Second, after the coming of the anointed one, Jerusalem would be built again: “Then for sixty-two weeks it shall be built again with squares and moat, but in a troubled time” (v. 25b).
Third, at the end of the sixty-two weeks, an anointed one shall be killed: “And after the sixty-two weeks, an anointed one shall be cut off and shall have nothing” (v. 26a).
Fourth, after the death of the anointed one, the people of a prince shall destroy the sanctuary: “And the people of the prince who is to come shall destroy the city and the sanctuary. Its end shall come with a flood, and to the end there shall be war. Desolations are decreed. And he shall make a strong covenant with many for one week, and for half of the week he shall put an end to sacrifice and offering. And on the wing of abominations shall come one who makes desolate, until the decreed end is poured out on the desolator” (vv. 26b-27).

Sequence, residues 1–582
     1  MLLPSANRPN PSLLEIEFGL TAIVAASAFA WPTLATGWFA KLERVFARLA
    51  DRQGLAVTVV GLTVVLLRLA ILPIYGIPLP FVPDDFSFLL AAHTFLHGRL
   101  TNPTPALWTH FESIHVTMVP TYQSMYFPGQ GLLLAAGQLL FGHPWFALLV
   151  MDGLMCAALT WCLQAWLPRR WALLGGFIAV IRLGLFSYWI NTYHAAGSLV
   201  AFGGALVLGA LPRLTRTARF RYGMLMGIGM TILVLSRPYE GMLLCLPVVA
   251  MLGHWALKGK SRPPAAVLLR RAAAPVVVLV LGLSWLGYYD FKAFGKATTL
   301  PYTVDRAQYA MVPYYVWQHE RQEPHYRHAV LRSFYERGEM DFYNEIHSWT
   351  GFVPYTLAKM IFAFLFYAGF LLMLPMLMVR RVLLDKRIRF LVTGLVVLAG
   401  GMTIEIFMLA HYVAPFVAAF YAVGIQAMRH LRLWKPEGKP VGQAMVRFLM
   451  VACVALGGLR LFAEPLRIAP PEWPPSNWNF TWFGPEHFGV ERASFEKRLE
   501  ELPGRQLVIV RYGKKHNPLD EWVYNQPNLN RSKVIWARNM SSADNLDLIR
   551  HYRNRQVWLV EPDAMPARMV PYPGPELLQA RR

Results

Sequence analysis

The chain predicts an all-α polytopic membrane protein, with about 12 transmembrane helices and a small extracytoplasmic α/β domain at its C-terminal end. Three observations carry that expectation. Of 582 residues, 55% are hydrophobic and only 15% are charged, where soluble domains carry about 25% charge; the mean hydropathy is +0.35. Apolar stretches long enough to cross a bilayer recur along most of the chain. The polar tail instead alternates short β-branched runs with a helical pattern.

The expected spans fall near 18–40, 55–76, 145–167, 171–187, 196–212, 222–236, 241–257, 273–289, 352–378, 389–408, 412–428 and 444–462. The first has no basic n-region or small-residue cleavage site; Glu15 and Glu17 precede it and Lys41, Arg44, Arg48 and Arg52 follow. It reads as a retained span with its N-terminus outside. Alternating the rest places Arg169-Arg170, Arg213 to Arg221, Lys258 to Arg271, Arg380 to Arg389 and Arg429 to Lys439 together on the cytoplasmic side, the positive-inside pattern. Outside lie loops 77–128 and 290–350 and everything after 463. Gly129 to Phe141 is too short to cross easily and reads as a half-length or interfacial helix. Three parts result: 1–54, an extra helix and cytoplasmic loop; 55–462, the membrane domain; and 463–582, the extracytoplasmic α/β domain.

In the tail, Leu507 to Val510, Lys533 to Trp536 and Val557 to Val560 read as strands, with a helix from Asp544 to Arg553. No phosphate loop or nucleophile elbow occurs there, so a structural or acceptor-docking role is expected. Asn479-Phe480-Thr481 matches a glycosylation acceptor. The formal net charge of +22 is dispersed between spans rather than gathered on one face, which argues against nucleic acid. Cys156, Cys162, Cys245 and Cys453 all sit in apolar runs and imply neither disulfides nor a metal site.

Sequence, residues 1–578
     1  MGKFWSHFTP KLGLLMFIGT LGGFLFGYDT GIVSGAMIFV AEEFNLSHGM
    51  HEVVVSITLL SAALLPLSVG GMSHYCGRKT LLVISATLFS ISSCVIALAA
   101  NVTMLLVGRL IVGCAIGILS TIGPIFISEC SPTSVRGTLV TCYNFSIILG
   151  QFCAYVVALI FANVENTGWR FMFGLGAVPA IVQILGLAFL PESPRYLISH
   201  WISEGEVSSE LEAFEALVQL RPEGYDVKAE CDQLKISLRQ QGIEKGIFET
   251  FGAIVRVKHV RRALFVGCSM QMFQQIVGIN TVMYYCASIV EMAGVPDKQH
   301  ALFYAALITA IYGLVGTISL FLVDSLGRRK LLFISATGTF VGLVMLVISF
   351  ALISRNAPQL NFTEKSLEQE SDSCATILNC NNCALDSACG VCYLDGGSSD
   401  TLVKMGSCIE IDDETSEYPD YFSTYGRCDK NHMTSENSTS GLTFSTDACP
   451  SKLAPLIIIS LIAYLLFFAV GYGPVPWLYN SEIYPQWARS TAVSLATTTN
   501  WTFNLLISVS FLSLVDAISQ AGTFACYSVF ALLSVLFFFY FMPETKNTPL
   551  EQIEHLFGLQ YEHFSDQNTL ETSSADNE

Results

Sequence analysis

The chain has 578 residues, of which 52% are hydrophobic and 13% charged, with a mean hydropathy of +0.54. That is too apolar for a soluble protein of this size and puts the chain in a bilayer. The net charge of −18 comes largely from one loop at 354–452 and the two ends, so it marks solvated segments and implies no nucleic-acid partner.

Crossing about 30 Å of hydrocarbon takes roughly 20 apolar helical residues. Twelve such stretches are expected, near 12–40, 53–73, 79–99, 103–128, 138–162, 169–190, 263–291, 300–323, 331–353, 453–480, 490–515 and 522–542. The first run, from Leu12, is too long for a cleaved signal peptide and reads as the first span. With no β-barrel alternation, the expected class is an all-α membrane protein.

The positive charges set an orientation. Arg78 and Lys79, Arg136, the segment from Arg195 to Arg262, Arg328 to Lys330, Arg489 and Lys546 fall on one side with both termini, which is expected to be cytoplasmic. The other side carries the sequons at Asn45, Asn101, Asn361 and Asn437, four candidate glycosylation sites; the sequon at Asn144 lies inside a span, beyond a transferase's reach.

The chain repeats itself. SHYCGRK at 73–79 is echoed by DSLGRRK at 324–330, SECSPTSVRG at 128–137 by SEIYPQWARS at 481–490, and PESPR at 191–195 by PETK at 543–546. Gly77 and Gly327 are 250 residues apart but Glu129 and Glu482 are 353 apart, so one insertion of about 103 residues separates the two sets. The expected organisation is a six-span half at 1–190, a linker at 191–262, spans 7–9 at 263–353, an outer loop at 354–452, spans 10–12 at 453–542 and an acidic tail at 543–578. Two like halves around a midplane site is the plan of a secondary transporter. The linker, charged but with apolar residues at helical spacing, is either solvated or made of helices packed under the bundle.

When the biblical text is taken at face value, the text speaks of two anointed ones and two princes. Also, when the biblical text is taken at face value, the dispensationalism of Scofield, the Great Parenthesis, the seven year tribulation and all the other issues related to this doctrine, are found to have no biblical basis.
As for the identity of the one who was a prince and an anointed one, I leave that for those who write commentaries. My intent was only to demonstrate how a biased translation of a text can lead people astray. Translators have a responsibility of being neutral in their translation of the biblical text.
Professor of Old Testament
Northern Baptist Seminary